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Speaking in Parliament

Conference duration 2 days
Venue address
Queen Mary, University of London
Mile End Road
United Kingdom

Thanks to the presence of television cameras in its debating chambers, the spectacle of Parliament is familiar to everyone who watches the evening news. For those who wish to venture beyond the sound bites, BBC Parliament now offers exhaustive coverage of proceedings in the chambers and committee rooms at Westminster. Yet despite this prominence in the public eye little has been done to assess the impact of parliamentary speaking on the political culture at large and its history as a rhetorical form remains to a large extent unwritten. Parliament’s development as an institution, its changing constitutional role, the political alignment and realignment of party groupings within it, and its contests with organised opinion out of doors have been the theme of many conferences but few have looked closely at one of the activities that most make it distinctive, the practice of speaking itself.

Jointly organized by the History of Parliament and Queen Mary University of London, this two-day conference will be an opportunity for practitioners and scholars across a range of disciplines to explore approaches to parliamentary speaking, past and present, in a forum dedicated to that topic.


Wednesday 6 April

9.30     Registration

10.00   Introduction: Chris Reid and Paul Seaward

10.10   Keynote lecture: Richard Toye (University of Exeter)

‘Great pleasure and advantage: Winston Churchill’s parliamentary oratory’

11.00   Coffee

11.20   Panel 1: Identity, gender, and the representation of speech

Ben Griffin (University of Cambridge), ‘Parliamentary speech and identity politics in Britain, 1850-1931’

Claire Dunlop (University of Exeter), ‘Coming out on top? The use of personal testimony and confessional narratives in British sexuality debates’

Maggie Inchley (Queen Mary University of London), ‘Representing Margaret, Voicing Britannia’

Robert Jones (University of Leeds), ‘Sheridan, speech and the limits of art’

1.00     Lunch

2.00     Panel 2: Occasions, genres, and speech acts

Daniel Seward (Franklin University), ‘Bishop John Alcock and the Roman invasion of Parliament: Introducing Renaissance civic humanism to the Tudor opening address’

Ugo Bruschi (University of Bologna), ‘The Ventriloquist: the paradox of the monarch’s voice in the eighteenth-century Westminster Parliament’

Noel Thompson (University of Swansea), ‘Rhetoric and resonance: Legitimation and identity in the perorations of twentieth-century Budget speeches’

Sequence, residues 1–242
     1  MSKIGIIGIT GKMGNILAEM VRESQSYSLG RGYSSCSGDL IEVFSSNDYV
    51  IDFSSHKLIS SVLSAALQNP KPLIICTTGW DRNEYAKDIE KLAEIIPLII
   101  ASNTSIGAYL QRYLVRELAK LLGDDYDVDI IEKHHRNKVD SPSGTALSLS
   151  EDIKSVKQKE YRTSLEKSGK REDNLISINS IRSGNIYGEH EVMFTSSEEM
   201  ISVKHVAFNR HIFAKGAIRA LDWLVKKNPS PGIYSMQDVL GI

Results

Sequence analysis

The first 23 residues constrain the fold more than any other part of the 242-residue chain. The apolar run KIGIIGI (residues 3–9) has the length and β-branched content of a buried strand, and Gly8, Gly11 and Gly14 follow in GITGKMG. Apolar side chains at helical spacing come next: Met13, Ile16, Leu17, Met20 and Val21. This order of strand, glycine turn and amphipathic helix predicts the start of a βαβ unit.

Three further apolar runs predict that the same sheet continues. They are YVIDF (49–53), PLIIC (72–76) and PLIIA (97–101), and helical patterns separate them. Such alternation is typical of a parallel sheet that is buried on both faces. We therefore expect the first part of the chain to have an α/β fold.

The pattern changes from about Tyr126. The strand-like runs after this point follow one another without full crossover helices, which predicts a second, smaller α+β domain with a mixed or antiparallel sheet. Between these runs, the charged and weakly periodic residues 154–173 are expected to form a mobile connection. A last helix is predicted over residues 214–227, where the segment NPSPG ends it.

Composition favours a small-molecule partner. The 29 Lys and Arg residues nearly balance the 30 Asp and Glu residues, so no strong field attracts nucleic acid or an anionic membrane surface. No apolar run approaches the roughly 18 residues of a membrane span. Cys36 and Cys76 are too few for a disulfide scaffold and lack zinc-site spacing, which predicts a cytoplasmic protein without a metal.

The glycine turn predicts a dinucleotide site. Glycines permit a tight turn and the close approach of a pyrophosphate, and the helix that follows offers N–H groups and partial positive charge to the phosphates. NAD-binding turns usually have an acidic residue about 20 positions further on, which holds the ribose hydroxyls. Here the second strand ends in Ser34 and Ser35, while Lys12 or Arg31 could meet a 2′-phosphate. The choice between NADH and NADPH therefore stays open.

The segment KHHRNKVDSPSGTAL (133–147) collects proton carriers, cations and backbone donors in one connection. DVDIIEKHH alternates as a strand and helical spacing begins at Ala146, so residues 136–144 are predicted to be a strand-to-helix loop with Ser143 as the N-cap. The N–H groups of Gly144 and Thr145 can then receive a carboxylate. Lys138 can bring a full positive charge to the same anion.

Kari Palonen (University of Jyväskylä), ‘Vote as the last speech act in parliamentary debate’

3.40     Tea

4.00     Panel 3: Parliamentary procedures and the conditions of speech

Hannes Kleineke (History of Parliament), ‘Language, procedure and social dynamic in the fifteenth-century English Parliament’

Andréa Cullen (Australian Capital Territory Legislative Assembly), ‘The art of persuasive discourse in parliament: an Australian perspective’

Christoph Konrath (Austrian Parliament) and Melanie Sully (Go-Governance Institute, Vienne), ‘All the World’s a stage – parliamentary debates from mewling to sans everything: a look at the Austrian Nationalrat’

Marc Geddes (University of Sheffield), ‘Interpreting parliamentary scrutiny: towards an interpretive understanding of parliamentary select committees’


6.30     To be confirmed: a Mile End Institute event. A panel of Westminster MPs will discuss the question, ‘What’s the point of parliamentary speaking?’


Thursday 7 April

9.30     Registration

10.00  Keynote lecture: Alan Finlayson (University of East Anglia)

‘What is the point of parliamentary debate?’

11.00  Coffee

11.20  Panel 4: Voice, silence, and parliamentary reporting

Josephine Hoegaerts (University of Helsinki), ‘Peals of thunder and tiny falsettos: unconventional and pathological speech in the nineteenth-century second chamber’

Theo Jung (University of Freiburg), ‘A rhetoric of silence: silent members in the July Monarchy chamber of deputies (1830-1848)’

Ian Harris (University of Leicester), ‘Politics and knowledge: another look at debate writing at Westminster, c. 1780-99’

John Vice (Hansard), ‘Hansard and interruptions’

1.00     Lunch

2.00     Panel 5: Case studies: parliamentary speakers

Robin Eagles (History of Parliament), ‘ “I who always speak unpremeditately”: the earl of Mulgrave’s speeches against corruption and in defence of his honour, 1692 and 1695’

Roland Quinault (Institute of Historical Research), ‘Lord Randolph Churchill as a parliamentary speaker’

Jean Garrigues (University of Orléans), ‘Masters of rhetoric in the first period of the Third Republic 1871-1885’

Jonne Harmsma (University of Groningen), ‘ “A rhetoric of truth”: economic expertise as a political style – a Dutch case’

3.40     Tea

4.00     Panel 6: Audience, reception, and influence

Kathryn Rix (History of Parliament), ‘ “Noisy Tom” Collins and “beer-barrel” Kearsley: Commons characters and the reception of parliamentary speech, 1832-1868’

Andreas Serafim (Trinity College Dublin), ‘Rhetorical humour in ancient and contemporary public speaking’

Henk te Velde (University of Leiden), ‘The perception of nineteenth-century parliamentary oratory’

Pasi Ihalainen (University of Jyväskylä), ‘Parliamentary speaking as the nexus of transnational policy discourse: cross-national intertextuality, international comparisons and transnational transfers in the reform debates of 1917’


Posted on

6. 4. 2016